Dame Susan tells whopper to Bill Clinton
Confession at conference
If the president of the United States could tell a whopping great lie, then Dame Susan Devoy felt she could be elastic with the truth too, she told Queenstown business women last week.
New Zealand’s Race Relations Commissioner and former world champion squash player Devoy was keynote speaker at the Queenstown Chamber of Commerce business women’s conference.
She told the crowd that after becoming a Dame Companion of the NZ Order of Merit – the youngest since Sir Edmund Hilary – she received an invitation to an APEC meeting in Auckland.
Also there were the likes of Hillary and Sir Peter Blake, with their wives, June, Lady Hillary and Pippa, Lady Blake.
‘‘Prejudice against women is still alive and well,’’ she told the audience.
‘‘I’m a dame, my husband has no title. He doesn’t even get invited to the dinner.’’
Friends call husband John Oakley ‘‘Lady John’’, she said.
At the dinner she decided she wanted to meet then US president Bill Clinton.
She asked the US ambassador for an introduction who paused and introduced her as New Zealand’s most prolific Olympic gold medallist – despite the fact squash has never been an Olympic sport.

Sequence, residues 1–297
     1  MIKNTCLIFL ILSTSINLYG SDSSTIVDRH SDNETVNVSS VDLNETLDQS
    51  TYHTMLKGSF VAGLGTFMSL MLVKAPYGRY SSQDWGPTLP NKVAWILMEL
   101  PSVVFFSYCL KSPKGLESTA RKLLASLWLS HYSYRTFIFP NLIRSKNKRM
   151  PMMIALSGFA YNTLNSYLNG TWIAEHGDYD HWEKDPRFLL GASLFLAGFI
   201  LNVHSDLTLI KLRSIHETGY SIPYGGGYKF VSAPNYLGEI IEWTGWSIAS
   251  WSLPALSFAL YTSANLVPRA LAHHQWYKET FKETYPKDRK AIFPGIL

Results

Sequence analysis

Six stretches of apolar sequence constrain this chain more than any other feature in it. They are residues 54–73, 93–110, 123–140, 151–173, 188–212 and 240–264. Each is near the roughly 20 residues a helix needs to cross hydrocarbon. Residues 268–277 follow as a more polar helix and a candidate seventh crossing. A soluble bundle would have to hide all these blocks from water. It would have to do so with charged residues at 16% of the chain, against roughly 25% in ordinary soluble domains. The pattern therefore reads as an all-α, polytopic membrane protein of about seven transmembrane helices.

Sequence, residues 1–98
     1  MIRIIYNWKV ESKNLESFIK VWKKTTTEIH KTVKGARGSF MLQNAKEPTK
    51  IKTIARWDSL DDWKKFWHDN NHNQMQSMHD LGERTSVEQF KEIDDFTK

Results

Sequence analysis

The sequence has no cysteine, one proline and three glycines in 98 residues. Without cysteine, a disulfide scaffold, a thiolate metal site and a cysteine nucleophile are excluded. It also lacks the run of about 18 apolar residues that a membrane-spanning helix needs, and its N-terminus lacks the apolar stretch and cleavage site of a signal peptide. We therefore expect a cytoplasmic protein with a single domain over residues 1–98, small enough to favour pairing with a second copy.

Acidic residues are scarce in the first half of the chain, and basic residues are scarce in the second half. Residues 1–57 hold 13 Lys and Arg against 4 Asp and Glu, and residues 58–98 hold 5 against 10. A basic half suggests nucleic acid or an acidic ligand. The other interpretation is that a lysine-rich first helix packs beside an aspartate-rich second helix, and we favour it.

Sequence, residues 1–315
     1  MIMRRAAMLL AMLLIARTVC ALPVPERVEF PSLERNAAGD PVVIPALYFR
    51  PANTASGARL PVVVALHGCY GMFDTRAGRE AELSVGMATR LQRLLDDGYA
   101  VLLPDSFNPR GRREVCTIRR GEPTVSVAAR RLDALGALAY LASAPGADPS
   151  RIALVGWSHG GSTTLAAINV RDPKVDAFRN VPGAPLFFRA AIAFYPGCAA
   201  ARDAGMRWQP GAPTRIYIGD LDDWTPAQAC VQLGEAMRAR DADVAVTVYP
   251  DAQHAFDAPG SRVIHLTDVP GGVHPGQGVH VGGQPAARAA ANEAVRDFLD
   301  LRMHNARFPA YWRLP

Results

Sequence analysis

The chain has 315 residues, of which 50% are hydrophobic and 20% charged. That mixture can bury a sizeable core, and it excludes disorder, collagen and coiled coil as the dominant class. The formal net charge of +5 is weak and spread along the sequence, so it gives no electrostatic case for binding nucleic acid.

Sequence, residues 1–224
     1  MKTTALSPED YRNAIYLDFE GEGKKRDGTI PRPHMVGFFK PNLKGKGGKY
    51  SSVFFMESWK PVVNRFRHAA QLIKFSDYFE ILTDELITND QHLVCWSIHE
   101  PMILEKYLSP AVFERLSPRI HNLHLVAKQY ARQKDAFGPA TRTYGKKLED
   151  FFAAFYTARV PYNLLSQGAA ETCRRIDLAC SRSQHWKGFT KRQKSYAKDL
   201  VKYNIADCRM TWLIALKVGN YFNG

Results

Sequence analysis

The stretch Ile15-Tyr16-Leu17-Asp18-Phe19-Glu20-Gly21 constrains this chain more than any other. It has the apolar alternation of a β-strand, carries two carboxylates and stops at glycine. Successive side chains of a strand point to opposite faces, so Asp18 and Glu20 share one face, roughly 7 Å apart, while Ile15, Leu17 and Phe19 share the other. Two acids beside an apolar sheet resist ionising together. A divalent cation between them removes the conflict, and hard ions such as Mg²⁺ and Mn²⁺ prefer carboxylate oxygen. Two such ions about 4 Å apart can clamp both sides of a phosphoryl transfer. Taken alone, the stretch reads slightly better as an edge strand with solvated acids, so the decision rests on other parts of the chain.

‘‘I was completely flummoxed and [Clinton] said, ‘Well, young lady, how many did you win?’’’
Lies told by the president flashed through her mind and she replied ‘‘10’’.
‘‘He said, ‘you must be the world’s most prolific medallist.’’
‘‘I’ll never forget that and I’m sure the president, who was very charismatic, won’t remember it,’’ she chuckled.
She might not have any Olympic medals but Devoy was ranked number 1 in the world continuously from 1983 to 1992.
Hard work, passion and selfbelief got her there, she said.
Growing up with six brothers and raising four sons she joked that one of her reasons for accepting the role as Race Relations Commissioner was because it involved travel.
‘‘Don’t tell anyone that was the real reason I took this job – to move away from home.’’
She described her role as promoting and protecting human rights as the make up of New Zealand changed.
‘‘We live in one of the most peaceful nations on earth but we can’t take that for granted.’’
As a country we need to have discussions about what we are as New Zealanders: ‘‘and that’s not just whether we want to change the flag or not,’’ she said.
Every day she heard stories about people facing discrimination.
Dame Susan Devoy says we need to have a conversation about who we are as New Zealanders.
Photo: Sheena Hayward